Pedestrian Protection Doesn’t Come Standard in Volvo’s “City Safety” System

Warning: This video contains a disturbing moment of violence.

Via Kashmir Hill at Fusion, this video from a Dominican blog shows the scary results of a self-parking Volvo demonstration gone wrong. (No one was seriously hurt.)

The car was equipped with Volvo’s “city safety” system, which apparently lulled the crowd around it into dropping their guard. But as Hill reports, the city safety feature is designed only to prevent rear-ending other cars in slow-moving traffic. “Pedestrian detection” is an add-on that costs an additional $3,000.

“Keeping the car safe is included as a standard feature, but keeping pedestrians safe isn’t,” writes Hill.

Even if the car came with pedestrian detection, Volvo told Hill, a driver who hits the accelerator would deactivate it. The utopia of driverless cars that can avoid all crashes is still a long way off.

  • R.A. Stewart

    Maybe that’s the whole idea. Pedestrians don’t know their place? Mow ’em down.

  • DrunkEngineer

    Not the first time Volvo has suffered an embarassing failure during a demonstration of its self-driving technology (see https://www.youtube.com/watch?v=0eChAKm1t3U ).

  • Newk

    This whole self-driving car technology has got to be all or nothing. If the driver is able to override things when it suits them it is never going to be safe for pedestrians. Drivers hate being inconvenienced. If a tap of the gas pedal is all it takes to override the pedestrian safety feature that’s practically the same as not having it at all.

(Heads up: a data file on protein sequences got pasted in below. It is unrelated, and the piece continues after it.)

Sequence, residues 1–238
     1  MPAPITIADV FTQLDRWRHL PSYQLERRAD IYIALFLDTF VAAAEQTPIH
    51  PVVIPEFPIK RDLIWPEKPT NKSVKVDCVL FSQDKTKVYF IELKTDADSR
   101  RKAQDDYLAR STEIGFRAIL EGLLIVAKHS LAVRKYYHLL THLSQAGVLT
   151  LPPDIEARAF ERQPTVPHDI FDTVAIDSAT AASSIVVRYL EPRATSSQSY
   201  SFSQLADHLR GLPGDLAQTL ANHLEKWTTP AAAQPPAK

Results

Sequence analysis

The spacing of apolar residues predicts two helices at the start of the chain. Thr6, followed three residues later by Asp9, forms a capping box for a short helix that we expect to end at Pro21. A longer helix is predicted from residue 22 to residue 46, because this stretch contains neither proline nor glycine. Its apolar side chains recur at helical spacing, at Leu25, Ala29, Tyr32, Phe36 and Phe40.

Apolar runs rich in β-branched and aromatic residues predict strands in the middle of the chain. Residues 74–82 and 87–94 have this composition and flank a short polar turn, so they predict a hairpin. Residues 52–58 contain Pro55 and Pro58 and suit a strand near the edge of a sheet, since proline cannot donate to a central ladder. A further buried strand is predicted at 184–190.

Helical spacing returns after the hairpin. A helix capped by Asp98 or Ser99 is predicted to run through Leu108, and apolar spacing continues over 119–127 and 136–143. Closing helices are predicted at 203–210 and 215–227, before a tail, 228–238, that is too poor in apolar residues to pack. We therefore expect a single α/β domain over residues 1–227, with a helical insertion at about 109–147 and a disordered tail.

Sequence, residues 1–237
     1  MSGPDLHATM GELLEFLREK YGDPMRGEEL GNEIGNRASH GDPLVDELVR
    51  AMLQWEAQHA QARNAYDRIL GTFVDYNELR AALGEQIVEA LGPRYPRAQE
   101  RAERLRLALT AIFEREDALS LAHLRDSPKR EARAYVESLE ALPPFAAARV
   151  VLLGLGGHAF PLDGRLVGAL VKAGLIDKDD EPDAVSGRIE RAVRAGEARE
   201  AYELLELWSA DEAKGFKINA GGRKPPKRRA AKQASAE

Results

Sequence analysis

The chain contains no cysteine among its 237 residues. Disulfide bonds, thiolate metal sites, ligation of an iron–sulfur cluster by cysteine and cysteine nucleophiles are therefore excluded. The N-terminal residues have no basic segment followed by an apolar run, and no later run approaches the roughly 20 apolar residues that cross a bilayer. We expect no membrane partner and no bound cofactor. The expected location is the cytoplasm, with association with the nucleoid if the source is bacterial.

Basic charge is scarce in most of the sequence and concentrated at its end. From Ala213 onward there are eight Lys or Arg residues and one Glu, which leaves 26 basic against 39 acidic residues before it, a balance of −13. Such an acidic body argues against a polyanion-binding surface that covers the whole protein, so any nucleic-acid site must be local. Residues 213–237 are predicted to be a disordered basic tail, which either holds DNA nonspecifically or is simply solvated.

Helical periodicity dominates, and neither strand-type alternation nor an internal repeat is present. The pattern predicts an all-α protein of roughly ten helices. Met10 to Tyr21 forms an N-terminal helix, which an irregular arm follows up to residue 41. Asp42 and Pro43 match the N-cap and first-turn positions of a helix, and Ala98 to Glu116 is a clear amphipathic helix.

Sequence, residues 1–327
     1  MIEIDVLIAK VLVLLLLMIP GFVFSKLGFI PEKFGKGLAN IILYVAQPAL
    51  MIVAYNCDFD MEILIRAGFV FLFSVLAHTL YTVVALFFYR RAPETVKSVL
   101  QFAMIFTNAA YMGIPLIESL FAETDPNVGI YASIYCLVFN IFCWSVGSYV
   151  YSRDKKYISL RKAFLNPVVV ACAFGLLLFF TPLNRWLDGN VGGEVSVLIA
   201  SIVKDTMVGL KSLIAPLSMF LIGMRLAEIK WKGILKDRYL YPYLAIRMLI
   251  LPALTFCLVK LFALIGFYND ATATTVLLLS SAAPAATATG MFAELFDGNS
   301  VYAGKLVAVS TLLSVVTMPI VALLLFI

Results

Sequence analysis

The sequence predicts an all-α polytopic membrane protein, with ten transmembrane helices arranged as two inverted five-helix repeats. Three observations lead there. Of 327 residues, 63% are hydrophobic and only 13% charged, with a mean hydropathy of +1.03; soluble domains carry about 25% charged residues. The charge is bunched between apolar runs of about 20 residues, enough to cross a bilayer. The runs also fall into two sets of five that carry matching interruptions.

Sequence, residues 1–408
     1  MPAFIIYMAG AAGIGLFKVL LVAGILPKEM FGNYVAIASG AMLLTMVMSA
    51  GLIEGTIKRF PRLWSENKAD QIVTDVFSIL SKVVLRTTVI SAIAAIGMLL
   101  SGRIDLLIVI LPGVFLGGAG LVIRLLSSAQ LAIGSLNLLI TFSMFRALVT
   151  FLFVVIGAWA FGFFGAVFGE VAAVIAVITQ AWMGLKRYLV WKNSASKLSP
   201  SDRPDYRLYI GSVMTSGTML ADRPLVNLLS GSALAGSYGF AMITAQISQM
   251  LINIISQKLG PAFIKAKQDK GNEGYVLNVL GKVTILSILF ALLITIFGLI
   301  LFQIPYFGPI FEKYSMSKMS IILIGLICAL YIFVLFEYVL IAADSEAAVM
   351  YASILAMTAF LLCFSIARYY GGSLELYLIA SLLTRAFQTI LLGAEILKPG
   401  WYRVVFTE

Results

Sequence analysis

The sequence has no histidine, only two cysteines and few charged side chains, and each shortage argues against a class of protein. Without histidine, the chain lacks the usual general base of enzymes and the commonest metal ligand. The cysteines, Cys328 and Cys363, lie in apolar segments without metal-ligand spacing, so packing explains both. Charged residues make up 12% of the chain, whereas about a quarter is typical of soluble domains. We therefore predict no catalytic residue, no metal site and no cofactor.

On the flip side of things I’m imagining a world were pedestrians can completely stop cars in their tracks just by walking into the street. Imagine the power! Sadly, I don’t think drivers would ever be okay with giving pedestrians this type of power over their personal steel bubble.

  • Jake Wegmann

    And this, ladies and gentlemen, is why self-driving cars changing our entire transportation system is something that’s going to take a whole lot longer than 5-10 years.

  • David P.

    This was not a failure of the car or its technology – it was a failure of the driver to understand his car’s capabilities and to exercise correct judgment.

  • Joe R.

    Totally agree. Once self-driving technology is at the point where cars can avoid all obstacles then we just can’t let humans back into the loop. At that stage we would just no longer have controls to allow a person to drive. Of course, this also means we would no longer allow older, “manually driven” vehicles on public roads. Despite this video, I’m still keen on self-driving technology. If nothing else, governments and insurance companies would be the ones pushing it. Cash-starved governments would save a ton of money on police, emergency services, hospitalization, and lawsuits once collisions were more or less a thing of the past.

    Another advantage to self-driving cars is vehicle utilization. Once the driver is out of the loop, it probably doesn’t even make any sense to own a car any more. You can just have fleets which function as on-demand car services. You could serve a lot more people with fewer vehicles by utilizing them 24 hours a day, instead of only an hour or two. And since these vehicles would rarely need to be parked for long, you could do away with most parking. Another advantage is greater utilization of road space. Vehicles can run bumper to bumper no matter the speed. You won’t need things like traffic signals either to keep vehicles from colliding with each other, or with crossing pedestrians.

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